I didn’t want to hear it, but I did want the ride so I listened quietly. When he was done, I told him I’d think about what he’d said.

When he pulled over to let me out, I thanked him and went to close the door. He leaned into the passenger seat and offered me a handshake. I took his hand and he held on to it for a few seconds and told me:

I’m going to be praying for you Greg. I’m going to pray that Jesus will save you like he saved me. My church too. I promise.”

I don’t remember his name, but I can still see his face looking up at me from inside the car. He’d known me for a grand total of maybe 45 minutes and he cared about me. I could tell. I KNOW those people prayed for me. Seed planted.

I was mandated by the court to attend AA meetings… again. This time I figured, what do I have to lose? I don’t remember exactly how I found out, but there was an alano club at 68th street and Thomas. Although I most assuredly did not fit in there socially, the people were friendly and accepting of me.

I got some phone numbers and offers from a couple of them to give me rides to different meetings. They were actually helpful. I can’t take that part away from them.

I did get clean and sober and one of the guys there let me move in with him and I got a job. Eventually I got a better job with a company that made office partitions and I also got my own place. A mobile home in a park at 42nd Ave. and Van Buren. Not the greatest place and not the greatest part of town, but it was my place and I was beginning to feel vaguely like a responsible adult. I didn’t have a car or even a driver’s license, but I did have a decent bike and was able to get around pretty well.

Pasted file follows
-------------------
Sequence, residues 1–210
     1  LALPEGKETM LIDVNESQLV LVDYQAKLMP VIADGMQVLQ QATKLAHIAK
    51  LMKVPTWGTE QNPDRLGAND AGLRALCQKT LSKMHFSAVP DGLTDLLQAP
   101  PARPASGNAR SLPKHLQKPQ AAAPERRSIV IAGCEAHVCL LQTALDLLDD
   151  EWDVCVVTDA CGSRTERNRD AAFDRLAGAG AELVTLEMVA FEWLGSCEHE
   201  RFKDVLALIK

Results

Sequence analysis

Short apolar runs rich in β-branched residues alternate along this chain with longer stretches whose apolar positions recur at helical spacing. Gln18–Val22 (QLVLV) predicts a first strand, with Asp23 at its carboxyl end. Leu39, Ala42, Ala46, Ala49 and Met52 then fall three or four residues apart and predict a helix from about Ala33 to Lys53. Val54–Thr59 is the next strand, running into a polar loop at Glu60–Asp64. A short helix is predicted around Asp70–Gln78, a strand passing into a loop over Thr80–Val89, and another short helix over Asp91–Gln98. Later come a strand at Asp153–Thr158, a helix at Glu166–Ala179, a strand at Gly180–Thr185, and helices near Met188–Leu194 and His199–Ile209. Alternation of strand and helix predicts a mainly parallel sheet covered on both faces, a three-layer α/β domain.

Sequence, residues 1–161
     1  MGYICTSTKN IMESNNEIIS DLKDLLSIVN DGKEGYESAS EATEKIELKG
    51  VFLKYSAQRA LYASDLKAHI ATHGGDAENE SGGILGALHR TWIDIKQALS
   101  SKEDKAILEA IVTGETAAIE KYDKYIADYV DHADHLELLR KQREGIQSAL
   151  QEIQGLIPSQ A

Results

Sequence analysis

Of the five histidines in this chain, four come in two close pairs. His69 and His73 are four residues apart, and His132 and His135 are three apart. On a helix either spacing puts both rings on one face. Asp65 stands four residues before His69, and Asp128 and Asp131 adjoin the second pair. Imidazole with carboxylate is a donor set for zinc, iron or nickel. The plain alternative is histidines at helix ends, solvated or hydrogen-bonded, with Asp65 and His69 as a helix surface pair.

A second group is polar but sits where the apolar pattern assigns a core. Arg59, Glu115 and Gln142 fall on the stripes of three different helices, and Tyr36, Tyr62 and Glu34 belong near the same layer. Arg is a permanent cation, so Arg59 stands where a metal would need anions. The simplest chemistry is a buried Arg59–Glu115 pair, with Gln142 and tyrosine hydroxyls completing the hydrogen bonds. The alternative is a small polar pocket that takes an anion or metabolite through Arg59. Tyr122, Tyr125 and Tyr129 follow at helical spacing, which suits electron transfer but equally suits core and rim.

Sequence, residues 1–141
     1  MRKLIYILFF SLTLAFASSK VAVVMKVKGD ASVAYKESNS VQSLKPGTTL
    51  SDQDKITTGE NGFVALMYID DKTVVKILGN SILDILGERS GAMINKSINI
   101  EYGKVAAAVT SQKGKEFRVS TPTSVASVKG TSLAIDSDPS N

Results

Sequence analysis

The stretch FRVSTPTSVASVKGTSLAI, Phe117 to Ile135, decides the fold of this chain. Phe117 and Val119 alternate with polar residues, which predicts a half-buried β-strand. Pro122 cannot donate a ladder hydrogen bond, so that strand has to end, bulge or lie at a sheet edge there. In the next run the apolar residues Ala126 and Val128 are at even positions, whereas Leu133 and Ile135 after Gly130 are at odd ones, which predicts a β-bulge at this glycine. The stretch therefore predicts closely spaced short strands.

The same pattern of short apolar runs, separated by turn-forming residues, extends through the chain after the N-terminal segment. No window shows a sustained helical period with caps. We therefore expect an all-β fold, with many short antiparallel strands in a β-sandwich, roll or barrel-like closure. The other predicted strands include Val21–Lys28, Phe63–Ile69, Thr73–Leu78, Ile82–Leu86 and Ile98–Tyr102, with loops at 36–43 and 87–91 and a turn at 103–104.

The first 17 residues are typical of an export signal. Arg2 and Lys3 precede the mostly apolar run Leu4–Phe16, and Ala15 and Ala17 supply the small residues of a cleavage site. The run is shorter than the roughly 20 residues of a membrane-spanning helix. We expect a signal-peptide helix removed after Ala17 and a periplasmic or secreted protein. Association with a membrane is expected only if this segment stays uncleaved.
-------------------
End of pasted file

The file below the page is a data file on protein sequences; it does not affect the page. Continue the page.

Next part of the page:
There’s a thousand stories during this time as well that are also not worth getting into to, so I won’t

Fast forward 14 months from that first AA meeting and I was pretty disillusioned with AA. Nonstop drama. Who was having an affair with who, business partners suing each other and constant gossip and backbiting. I was happy to be clean and sober, but the whole thing had turned plastic to me.

No real, trustworthy relationships and it became clear that these people, including myself, stayed sober meeting to meeting. It was just another kind of dependence. The constant refrain about how we’re sick, we’re sick, we’re sick. It’s a disease we’ll never recover from. We’re always recovering, never recovered. I had no substantive respect for even the people I called friends in AA.

I wasn’t in danger of going back to the dope and the alcohol, and I kept going to meetings because frankly, I was afraid not to, but the whole thing left me longing for something more.

Despite the fact that I had a job, a place and a girlfriend, and had been clean and sober for over a year, I was treading water in life and the sense of emptiness was growing all the time. I had thought since that morning in the field that if I could just get this monkey of addiction off my back, and get off the street, I would be ok.

I wasn’t. But that was about to change.

Tune in tomorrow and I’ll tell you how the sovereign electing grace of a merciful God made me his own possession, that I may proclaim his excellencies who called me out of darkness and into his marvelous light.